We understand you’re celebrating a grand opening in April.
Huth: Yes, we’ll be inviting former customers, students, and everyone in the center. We going to be offering jewelry cleanings and we’ll probably have a raffle. You can look at all this beautiful, unique jewelry.
How many students do you estimate have been through your doors in the past 35 years?
Huth: Oh my gosh, I’ve tried and lost count. Probably about 2,500.
SHINY STONES: A student combines, metal, stone, and gems for a pendant
Give us a little bit more perspective on the impact the California Institute of Jewelry Training has had over all these years. You’ve trained 2,500 students. But where else are you seeing your impact on the industry and the community around you?
Huth: We have had a huge impact because first off, we’re the first school in the nation to have an actual, formalized jewelry [making] program. Secondly, I have worked very hard to increase the awareness of jewelry makers and advocating for better wages. I had graduates making $6 an hour 25 years ago, [which is equivalent to $11 to $12 today]. That’s all changed. Locally, I think every store in the 50-, 60-mile surrounding area is either owned by a former student or has hired a former student or is in the process of hiring a former student. We train people from all over the world. We’ve had graduates in Japan, Sweden, U.K., Switzerland, and other countries. In 2004, I was contracted with a company in India to put a school in for them, which is called the Indian Institute of Jewelry. I wrote the curriculum, designed the space, and planned everything. They’re very successful. We acquired a jewelry appraisal program in 1993 [called the MasterValuer Program]. We have an international partner from Korea, and I’ve trained students from all over in jewelry appraisal. So I guess I could say we’ve had a huge impact, and I’m not saying this at all to boast, because I don’t feel it’s a boastful thing. But I am excited that it’s created a lot of good things for the industry.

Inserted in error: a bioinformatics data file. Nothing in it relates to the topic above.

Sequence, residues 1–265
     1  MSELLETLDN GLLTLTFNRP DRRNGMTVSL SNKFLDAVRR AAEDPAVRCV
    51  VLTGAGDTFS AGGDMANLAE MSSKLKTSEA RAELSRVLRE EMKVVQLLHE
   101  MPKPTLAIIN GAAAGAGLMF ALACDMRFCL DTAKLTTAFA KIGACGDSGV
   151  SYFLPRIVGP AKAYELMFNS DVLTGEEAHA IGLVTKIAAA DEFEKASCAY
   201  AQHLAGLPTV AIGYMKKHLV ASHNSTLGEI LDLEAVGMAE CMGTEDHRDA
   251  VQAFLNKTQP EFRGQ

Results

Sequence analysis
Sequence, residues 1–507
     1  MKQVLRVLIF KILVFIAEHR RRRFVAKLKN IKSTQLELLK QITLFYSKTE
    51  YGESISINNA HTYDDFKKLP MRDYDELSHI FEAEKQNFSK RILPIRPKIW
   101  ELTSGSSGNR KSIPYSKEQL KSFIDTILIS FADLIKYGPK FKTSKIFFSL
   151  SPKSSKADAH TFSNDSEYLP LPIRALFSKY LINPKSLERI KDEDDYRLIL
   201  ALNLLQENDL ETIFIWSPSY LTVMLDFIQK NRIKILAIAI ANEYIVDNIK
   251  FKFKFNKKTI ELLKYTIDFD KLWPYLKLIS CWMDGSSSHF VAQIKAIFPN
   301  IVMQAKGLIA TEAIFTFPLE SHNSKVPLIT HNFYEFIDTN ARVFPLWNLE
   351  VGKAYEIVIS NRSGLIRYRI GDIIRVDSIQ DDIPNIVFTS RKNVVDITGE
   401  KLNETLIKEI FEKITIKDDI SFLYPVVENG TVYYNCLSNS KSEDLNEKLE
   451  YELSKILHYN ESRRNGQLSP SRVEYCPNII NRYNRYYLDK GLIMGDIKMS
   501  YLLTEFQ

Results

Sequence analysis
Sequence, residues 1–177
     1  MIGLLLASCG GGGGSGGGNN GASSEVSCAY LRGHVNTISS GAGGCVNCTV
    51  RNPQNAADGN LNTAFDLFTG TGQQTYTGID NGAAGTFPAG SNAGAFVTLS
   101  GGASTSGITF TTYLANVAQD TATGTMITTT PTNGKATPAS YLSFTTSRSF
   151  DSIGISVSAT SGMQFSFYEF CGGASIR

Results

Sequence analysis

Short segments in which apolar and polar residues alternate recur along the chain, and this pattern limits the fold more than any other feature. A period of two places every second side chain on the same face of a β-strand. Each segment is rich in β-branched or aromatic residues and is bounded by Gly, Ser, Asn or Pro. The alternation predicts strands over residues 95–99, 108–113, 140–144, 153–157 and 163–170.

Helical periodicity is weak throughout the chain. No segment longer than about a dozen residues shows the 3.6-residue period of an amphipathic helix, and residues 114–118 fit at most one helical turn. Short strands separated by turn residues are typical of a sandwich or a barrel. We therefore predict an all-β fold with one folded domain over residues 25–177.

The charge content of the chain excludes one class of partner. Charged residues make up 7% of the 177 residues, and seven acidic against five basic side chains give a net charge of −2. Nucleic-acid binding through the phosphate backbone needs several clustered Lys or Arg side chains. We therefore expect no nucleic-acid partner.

With all you’ve accomplished, is there anything you still want to do? What you still want to bring to the industry and to students who want to study the art of jewelry making?
SHINE ON: California Institute of Jewelry Training offers both a retail store and a hands-on design school
Huth: I like to bring out the best in people and bring out what they never thought existed. I also am very excited about the opportunities that my students have -- like one student who had an opportunity to be hired by a famous jewelry designer in Philadelphia. My former student traveled the world with this designer for about four years, and she was able to look at jewelry design and pick up new ideas. I have one student that took off from Sacramento and apprenticed with several jewelers in Europe. It’s just delightful.
It sounds like you are going strong after 35 years of being in this business. We wish you best of luck and we look forward to a great grand opening in April for you.
Huth: Thank you very much. I appreciate your interest.
This has been an installment of StoreFront, an interview series with leaders of successful retail businesses. For more interviews, visit the StoreFront page. To learn how you can be featured, email us. We’d love to hear from you.
- CATEGORY: Storefront
- DATE: Tuesday, March 18, 2014